Sean Keener: Yeah, yeah. What a great story.

Cameron Madill: Yeah, no kidding. I’d love to hear maybe just a little bit about how you think about marketing. I know that’s one of your particular areas of expertise, and it’s something that you help other folks out with, and just kind of maybe, what’s your philosophy? How do you think maybe you think about it differently than other people? Maybe common mistakes you see, or opportunities you’re particularly excited about? You can just kind of take this question wherever you want.

Sean Keener: Yeah, thanks, Cameron. I think about it a lot because there’s so much messaging getting in front of us today, right? I don’t know how many thousands of, let’s just say advertising oriented messages come up on our phone, on our computers, on our commute, everywhere we go. I think it’s been proven too by some PhD somewhere, that we are more distracted than we ever have been. The sort of things that I’m thinking about when I’m thinking about marketing are, what is my unique marketing difference? Why should people care? Because I suggest that they don’t, they do not care. Everything looks the same to them.

Sean Keener: I’m saying this is in general because folks have mobile phones, they’re able to access you and your competitors within minutes. What is going to be a compelling logical reason to choose your brand? What is a compelling emotional reason to use your brand? And if you can answer those two questions, there’s probably one more. The three parts of your… What is it logos?

Cameron Madill: Yeah, was it ethos, logos and pathos?

Sean Keener: And pathos. Yeah. If you can answer those three questions about your brand, I think you’re onto something. Probably the person that I look to the most over the past few decades, Cameron, is Seth Godin. He’s written 20 books, he’s got a podcast every week, and he doesn’t interview anyone. He just talks about a concept around marketing. I think he’s spot on as far as how to market your product or service in a modern world that is so distracted.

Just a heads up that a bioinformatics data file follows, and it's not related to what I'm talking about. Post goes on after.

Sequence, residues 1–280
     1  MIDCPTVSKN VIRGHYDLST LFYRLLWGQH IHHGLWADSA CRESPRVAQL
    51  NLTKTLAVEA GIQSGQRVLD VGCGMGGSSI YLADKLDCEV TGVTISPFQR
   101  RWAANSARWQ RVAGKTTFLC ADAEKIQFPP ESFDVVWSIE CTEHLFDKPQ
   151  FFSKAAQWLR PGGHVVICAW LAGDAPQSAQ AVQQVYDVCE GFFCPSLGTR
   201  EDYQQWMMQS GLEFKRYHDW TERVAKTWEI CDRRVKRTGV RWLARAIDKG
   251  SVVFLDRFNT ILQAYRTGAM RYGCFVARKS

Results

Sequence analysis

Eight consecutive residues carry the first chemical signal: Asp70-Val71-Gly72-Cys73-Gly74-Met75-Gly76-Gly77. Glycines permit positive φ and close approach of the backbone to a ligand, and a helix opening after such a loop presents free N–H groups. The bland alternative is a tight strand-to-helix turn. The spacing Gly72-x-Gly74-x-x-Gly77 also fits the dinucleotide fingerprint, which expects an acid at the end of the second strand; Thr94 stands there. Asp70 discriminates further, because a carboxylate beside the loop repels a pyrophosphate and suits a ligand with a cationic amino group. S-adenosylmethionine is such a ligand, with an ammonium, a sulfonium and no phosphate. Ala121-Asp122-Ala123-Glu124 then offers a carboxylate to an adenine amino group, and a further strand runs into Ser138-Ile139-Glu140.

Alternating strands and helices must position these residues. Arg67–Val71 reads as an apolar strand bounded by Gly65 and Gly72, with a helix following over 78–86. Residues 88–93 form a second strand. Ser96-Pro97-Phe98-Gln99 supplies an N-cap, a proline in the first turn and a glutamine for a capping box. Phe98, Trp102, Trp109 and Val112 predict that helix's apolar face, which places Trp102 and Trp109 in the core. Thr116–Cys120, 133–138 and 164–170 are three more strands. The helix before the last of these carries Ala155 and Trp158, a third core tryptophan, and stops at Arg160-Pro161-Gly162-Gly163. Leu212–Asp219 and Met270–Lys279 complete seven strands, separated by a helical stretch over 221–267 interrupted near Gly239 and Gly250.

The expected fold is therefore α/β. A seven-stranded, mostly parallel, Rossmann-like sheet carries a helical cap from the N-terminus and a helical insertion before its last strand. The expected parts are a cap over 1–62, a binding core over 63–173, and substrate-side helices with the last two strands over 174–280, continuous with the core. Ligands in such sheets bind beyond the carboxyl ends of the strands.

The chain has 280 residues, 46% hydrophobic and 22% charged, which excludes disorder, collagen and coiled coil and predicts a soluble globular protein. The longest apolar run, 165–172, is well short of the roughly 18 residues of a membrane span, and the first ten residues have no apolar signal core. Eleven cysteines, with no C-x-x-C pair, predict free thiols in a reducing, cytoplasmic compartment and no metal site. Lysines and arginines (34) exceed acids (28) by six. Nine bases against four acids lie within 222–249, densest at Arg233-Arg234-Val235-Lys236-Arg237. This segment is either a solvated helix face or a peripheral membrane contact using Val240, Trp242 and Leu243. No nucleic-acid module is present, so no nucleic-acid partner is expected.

Sean Keener: It’s those sorts of concepts, and really it’s not… I think you and I’ve talked about this before, it’s not about, what’s the answer? It’s, are you asking the right question? Are you asking your customers the right questions? Versus what’s the right product for them? Are you engaging with them in a way that matters to them? I would say it’s as confusing as it ever has been in many ways, or maybe as muddled as it ever has been because you have Facebook and Google really… In many ways they are the internet, they own the forest and we’re just trying to find light through them.

Sean Keener: Yeah, and it’s going to continue to change too, isn’t it? We don’t know what Facebook, Google, and some of these other huge media companies that are sucking up bigger and bigger budgets of people’s advertising dollars than they ever have been. Continue to be aware, I think awareness, and continuing to try to really speak and build that trust with your customers.

Cameron Madill: I’m working with an innovation team through Filene, the credit union think tank, and it’s a really high caliber group, and I’ve really enjoyed working with them. And we’re maybe five months in, and I’m still not sure we’re asking the right question. I mean, I don’t think any of us know. And I always think that concept of how fast we jump to solutions, and being problem finders instead of solution finders is pretty powerful.